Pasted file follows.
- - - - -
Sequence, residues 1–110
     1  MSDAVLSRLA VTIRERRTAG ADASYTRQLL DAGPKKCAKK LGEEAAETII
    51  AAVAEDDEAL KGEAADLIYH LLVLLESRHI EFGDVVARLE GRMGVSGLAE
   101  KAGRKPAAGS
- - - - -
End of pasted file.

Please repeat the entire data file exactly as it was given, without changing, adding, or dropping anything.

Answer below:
Sequence, residues 1–110
     1  MSDAVLSRLA VTIRERRTAG ADASYTRQLL DAGPKKCAKK LGEEAAETII
    51  AAVAEDDEAL KGEAADLIYH LLVLLESRHI EFGDVVARLE GRMGVSGLAE
   101  KAGRKPAAGS